Ever have that feeling of being shocked, yet not at all surprised by a fact? I had that feeling the first time I was told that an estimated 80% of jobs are never listed. I’ll give that a moment to sink in – 80%. percent. of jobs. You still with me? Good. Those jobs are usually filled by a candidate who knew someone within the company. That probably doesn’t surprise you, but if you’re relatively new in your career, the numbers can be staggering and leave you a little bit queasy.
So now you realize networking is even more important than you might have previously thought. Recently I was a volunteer at the New York Women in Communications’ annual Student Career Conference, where industry vets share their experience and expertise with students and young professionals. While sitting in on some of the discussions and watching tons of networking take place, I started to think about what I’ve learned, what I wish I’d known earlier, and what I think everyone should know. Here’s some of the most important networking lessons you need to learn:
A little less than two weeks ago, I was called into my boss’s office on a Friday afternoon and he began the conversation with those dreaded words: “There’s no easy way to say this…”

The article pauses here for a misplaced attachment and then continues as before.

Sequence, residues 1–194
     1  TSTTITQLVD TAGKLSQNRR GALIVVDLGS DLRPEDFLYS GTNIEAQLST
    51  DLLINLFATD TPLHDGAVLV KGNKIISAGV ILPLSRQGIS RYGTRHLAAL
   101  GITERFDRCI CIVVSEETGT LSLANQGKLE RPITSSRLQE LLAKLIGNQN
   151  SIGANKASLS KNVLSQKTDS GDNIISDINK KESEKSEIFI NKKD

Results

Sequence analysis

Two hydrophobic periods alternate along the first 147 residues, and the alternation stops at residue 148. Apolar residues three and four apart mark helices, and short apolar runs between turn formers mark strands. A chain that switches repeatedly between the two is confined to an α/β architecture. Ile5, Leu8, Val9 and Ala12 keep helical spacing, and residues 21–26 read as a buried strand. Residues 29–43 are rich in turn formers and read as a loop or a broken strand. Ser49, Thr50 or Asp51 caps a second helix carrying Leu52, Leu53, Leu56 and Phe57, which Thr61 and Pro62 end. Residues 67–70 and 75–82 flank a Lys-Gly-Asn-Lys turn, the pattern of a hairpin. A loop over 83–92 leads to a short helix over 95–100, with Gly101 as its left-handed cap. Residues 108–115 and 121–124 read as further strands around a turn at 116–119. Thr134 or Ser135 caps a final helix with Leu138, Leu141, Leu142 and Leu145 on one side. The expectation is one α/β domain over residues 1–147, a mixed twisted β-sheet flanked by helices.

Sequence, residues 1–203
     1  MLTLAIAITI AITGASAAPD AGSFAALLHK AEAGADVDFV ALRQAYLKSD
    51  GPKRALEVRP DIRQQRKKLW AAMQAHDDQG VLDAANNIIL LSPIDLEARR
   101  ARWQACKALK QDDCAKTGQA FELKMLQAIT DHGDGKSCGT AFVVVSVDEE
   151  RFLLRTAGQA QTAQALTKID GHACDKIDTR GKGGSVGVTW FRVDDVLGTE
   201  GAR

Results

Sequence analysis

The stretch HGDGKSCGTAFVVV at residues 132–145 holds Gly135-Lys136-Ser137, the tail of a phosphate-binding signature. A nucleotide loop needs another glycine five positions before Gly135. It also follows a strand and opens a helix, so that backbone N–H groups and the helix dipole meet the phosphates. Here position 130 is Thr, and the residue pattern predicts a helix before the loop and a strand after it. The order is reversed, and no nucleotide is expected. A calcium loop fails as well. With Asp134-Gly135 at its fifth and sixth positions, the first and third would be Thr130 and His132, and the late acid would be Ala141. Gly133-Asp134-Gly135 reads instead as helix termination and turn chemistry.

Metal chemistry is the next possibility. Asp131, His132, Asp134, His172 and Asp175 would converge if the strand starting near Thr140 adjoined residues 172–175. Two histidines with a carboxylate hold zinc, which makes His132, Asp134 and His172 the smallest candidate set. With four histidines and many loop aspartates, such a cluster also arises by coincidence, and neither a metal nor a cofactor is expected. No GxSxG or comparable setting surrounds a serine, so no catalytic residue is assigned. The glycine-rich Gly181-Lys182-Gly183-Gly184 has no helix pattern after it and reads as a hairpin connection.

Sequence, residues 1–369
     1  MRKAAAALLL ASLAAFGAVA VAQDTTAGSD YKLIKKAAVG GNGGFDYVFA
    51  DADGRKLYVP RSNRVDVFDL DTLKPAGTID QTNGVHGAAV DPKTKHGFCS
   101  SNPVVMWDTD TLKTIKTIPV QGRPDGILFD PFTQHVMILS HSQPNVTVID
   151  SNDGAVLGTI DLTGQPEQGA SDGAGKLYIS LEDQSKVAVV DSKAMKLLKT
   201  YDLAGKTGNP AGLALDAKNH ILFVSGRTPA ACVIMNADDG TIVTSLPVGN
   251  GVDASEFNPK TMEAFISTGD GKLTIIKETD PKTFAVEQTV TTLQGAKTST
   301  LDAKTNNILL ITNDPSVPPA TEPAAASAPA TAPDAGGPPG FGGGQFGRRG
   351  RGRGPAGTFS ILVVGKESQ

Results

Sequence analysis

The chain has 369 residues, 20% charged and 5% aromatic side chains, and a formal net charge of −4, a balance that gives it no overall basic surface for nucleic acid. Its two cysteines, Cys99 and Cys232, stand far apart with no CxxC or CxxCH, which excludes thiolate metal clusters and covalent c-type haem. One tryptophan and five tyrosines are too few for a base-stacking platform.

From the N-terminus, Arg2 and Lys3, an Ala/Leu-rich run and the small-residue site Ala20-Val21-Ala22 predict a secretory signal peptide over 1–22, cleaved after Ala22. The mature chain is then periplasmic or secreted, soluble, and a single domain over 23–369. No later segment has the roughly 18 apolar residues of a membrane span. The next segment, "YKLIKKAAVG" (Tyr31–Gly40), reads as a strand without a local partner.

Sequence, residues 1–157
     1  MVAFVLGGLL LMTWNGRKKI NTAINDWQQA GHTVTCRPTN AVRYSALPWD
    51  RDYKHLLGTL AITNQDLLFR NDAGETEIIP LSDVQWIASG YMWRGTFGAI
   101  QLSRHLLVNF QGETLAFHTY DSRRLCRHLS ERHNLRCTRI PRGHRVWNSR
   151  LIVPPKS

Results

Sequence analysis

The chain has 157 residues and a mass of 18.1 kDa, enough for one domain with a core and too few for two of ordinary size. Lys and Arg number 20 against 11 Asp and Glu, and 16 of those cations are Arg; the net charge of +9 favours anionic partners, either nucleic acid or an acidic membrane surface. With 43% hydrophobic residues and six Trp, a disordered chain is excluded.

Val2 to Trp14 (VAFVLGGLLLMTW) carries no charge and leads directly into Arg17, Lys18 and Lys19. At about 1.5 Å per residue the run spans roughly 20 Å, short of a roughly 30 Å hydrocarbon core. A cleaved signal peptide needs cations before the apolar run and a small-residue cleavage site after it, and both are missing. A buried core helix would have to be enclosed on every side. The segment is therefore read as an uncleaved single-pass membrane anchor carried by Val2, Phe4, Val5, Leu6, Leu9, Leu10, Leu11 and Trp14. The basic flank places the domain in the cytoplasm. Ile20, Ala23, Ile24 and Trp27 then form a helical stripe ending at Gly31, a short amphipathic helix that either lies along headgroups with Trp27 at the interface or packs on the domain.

It’s the worst feeling in the world, especially when it had nothing to do with your performance, the company just needed to downsize. Unfortunately, it’s an all too common reality these days. After my initial freak out, I put all the advice I’d collected in career classes, seminars, and school workshops into action. (In the interest of full disclosure, I’m still looking. But I’ve been told to get ready because it’ll take a few months at least. *cringe*)
Get the word out.
The old wisdom was that you shouldn’t let it be known that you’re unemployed because it makes you look desperate or weak. But with unemployment still hovering around 8% nationally, and 20% for twentysomethings and recent college grads, that stigma has really gone by the wayside. Other people must just be embarrassed. It’s not the easiest thing to admit.